COLUMBUS - A controversial bill prohibiting the spending of state Third Frontier money on research involving human embryonic stem cells and cloning has been indefinitely shelved by House Republican leadership.
"We had a heart-to-heart, well-thought-out discussion, but when it was concluded, we talked about where we are for votes on this," House Speaker Jon Husted said (R., Kettering) yesterday. "I informed Rep. [Mike] Gilb (R., Findlay) and the advocates that we do not have sufficient support among Republicans to pass the bill. They have indicated to me that they will pursue Democrat votes to break off from their leadership to pass the bill."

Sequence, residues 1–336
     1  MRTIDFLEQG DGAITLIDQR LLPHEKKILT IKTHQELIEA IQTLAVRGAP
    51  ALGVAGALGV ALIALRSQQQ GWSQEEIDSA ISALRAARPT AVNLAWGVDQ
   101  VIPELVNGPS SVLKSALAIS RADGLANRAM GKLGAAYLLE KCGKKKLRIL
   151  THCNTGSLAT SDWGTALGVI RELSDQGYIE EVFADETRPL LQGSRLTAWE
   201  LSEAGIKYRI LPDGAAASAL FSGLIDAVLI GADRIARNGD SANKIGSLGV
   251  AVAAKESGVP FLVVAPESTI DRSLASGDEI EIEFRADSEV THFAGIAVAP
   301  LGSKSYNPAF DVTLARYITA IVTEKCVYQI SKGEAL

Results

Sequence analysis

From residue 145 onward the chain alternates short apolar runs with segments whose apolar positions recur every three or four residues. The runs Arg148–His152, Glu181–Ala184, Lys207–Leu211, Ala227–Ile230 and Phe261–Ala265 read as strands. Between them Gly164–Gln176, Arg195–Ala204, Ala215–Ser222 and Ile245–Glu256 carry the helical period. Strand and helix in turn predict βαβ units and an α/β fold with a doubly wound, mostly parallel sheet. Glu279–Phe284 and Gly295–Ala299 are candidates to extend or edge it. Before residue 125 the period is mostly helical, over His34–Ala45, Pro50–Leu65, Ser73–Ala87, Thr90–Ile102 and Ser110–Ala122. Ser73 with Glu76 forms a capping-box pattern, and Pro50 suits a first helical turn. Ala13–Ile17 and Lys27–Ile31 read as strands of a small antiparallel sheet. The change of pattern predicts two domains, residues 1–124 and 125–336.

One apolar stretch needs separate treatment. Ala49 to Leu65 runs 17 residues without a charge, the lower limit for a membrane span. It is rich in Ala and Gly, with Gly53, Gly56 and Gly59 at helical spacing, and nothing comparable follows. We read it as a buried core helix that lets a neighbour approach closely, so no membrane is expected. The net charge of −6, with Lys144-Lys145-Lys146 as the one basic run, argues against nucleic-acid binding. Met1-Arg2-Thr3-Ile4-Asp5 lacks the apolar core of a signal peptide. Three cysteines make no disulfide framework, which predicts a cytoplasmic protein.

House Minority Leader Chris Redfern (D., Catawba Island) insisted they won't find Democratic votes.
"Our caucus is united," he said. "We spoke at length about the importance of allowing scientific research to continue in our state ..."
On Nov. 8, voters will be asked to approve a three-part, $2 billion Ohio Jobs bond issue, $500 million of which would be earmarked for Gov. Bob Taft's existing Third Frontier initiative.
The program provides financial support for high-tech and biomedical research and product development.
The $500 million failed at the polls two years ago when it appeared on the ballot alone.
This time it has been packaged with a $1.35 billion bond renewal and expansion for local public works projects and $150 million for improvements associated with shovel-ready commercial and industrial development.
Some conservative groups have urged defeat of the bond package because of the lack of a statute prohibiting the use of the funds for embryonic stem-cell research.